Chinese. It is only necessary to mention the dictionaries and other works of Morrison, Medhurst, Doolittle, and Wells-Williams, the translation of the Chinese classical books by James Legge, the writings of Eitel, Faber, Edkins, Chalmers, and Arthur Smith, to perceive the magnitude of our own indebtedness to them, while by their versions of the Bible, works in theology, church history, devotional books and treatises in almost every department of secular history and science, they have striven unceasingly to become the interpreters of the West to the Far East.
The events of the last few years have awakened a new spirit in the Chinese nation. They no longer desire to shroud themselves in a proud feeling of superiority to other nations, but show that they are willing to learn and desirous of appropriating whatever may serve to help them as a people in attaining to the level of the leaders of civilisation. Perhaps they do so thinking in the first place of securing the means for maintaining their independence and territorial unity. To such an aim it is impossible to refuse our warmest sympathy. Without security within their own borders they cannot turn their attention to the most precious elements in the life of a nation—to the religion which brings us into conscious relation with the God and Father of all mankind, to well-ordered civil and political liberty, to the pure administration of justice between man and man, and the elevation and improvement of human life under every aspect. It is to the missionaries that we must look for help in diffusing these blessings among the people of China, to whose welfare, spiritual, moral, and intellectual, they have devoted themselves so earnestly in the past, hoping even against hope for that fruit of their labours which the present time seems to promise.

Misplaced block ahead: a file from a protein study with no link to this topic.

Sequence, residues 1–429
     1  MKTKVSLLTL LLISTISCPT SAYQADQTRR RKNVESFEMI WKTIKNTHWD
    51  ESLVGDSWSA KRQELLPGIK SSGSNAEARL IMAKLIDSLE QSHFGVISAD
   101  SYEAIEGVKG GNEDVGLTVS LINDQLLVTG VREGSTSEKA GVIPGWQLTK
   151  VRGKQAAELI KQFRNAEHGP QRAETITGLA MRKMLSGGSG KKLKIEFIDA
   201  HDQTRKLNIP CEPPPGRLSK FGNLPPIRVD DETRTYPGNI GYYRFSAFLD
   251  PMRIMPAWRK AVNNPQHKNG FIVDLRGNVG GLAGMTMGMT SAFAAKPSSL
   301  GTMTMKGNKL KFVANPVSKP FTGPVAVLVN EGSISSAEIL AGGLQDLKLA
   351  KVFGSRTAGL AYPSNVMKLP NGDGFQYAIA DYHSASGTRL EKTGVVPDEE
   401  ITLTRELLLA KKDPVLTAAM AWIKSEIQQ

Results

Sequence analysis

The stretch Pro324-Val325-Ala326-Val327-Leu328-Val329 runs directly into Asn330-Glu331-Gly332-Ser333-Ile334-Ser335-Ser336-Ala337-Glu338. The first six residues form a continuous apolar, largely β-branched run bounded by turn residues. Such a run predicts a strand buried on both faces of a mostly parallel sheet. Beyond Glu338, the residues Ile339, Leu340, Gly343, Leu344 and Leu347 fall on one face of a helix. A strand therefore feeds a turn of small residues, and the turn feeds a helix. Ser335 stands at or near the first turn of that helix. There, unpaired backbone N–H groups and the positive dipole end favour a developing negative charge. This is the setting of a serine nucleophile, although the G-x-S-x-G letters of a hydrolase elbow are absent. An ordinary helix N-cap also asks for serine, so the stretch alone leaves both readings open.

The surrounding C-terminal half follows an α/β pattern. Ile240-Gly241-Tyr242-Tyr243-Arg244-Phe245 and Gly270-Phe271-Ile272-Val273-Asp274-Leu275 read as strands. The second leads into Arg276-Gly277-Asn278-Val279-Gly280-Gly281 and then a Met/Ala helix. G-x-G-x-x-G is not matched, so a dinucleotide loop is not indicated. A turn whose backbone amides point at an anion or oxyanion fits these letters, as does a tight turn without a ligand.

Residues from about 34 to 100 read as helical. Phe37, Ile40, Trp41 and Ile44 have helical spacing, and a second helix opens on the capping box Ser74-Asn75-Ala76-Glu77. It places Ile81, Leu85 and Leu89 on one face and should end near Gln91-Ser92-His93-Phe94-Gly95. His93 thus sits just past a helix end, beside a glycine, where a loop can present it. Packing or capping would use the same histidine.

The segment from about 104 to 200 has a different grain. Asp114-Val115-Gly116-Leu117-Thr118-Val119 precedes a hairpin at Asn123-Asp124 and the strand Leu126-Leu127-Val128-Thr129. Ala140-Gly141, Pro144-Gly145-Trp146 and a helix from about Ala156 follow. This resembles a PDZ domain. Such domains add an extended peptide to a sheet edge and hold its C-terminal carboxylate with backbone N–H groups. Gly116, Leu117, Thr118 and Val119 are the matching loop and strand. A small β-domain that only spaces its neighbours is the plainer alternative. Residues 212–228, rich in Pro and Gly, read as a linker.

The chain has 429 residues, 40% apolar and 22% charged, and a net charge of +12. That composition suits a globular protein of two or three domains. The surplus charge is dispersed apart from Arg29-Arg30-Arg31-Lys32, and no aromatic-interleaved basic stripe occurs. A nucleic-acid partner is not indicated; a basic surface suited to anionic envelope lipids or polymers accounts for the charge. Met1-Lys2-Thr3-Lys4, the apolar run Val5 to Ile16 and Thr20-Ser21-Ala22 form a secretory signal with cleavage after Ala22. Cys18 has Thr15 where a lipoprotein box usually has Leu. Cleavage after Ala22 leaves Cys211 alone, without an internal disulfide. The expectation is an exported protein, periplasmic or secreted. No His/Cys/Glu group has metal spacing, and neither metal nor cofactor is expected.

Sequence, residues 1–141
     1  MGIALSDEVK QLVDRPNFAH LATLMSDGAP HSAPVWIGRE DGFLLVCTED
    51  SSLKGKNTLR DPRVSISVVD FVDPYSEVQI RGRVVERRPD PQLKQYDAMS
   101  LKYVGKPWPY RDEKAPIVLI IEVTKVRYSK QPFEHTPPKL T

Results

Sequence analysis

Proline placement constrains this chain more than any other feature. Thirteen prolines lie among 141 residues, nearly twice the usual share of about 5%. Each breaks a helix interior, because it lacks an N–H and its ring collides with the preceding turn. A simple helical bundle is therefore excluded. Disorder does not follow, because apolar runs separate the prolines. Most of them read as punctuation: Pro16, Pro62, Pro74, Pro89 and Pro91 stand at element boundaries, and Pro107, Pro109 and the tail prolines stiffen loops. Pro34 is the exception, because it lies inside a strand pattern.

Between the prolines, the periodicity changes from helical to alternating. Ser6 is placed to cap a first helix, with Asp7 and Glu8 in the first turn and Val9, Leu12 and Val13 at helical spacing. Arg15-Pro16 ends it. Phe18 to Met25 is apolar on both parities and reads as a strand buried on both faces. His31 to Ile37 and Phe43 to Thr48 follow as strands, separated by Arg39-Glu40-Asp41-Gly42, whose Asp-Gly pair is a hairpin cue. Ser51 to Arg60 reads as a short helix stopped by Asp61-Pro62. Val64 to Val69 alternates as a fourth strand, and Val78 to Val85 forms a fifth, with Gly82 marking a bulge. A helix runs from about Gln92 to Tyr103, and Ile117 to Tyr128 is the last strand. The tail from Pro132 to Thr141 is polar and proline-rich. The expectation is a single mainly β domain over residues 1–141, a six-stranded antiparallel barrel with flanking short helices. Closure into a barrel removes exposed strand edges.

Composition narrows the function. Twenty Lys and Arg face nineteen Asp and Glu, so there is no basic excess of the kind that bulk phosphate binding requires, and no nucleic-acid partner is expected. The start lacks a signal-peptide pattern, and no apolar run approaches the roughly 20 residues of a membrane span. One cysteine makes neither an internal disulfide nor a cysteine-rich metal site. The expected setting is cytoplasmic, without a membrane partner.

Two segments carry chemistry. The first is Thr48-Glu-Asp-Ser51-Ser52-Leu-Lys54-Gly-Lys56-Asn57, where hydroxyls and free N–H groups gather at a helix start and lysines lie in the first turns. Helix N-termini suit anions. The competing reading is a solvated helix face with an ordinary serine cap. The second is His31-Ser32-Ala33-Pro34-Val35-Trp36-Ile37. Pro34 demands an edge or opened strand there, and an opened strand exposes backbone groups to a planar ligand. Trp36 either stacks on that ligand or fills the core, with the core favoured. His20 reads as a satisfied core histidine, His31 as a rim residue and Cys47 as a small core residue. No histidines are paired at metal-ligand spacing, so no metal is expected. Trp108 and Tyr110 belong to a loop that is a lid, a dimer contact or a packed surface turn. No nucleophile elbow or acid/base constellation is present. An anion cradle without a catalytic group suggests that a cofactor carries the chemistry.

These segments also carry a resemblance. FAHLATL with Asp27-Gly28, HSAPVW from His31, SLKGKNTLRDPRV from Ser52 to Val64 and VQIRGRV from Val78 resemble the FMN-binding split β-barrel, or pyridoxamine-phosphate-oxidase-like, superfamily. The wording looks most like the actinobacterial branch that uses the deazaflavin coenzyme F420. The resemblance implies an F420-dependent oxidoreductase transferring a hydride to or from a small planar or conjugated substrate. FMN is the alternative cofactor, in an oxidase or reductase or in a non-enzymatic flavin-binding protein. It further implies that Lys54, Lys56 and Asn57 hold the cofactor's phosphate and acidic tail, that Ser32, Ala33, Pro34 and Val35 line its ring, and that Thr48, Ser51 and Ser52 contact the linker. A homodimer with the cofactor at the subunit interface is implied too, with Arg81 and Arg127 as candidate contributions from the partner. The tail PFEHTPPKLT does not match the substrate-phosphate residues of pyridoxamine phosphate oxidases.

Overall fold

It has been my privilege, during a residence of nearly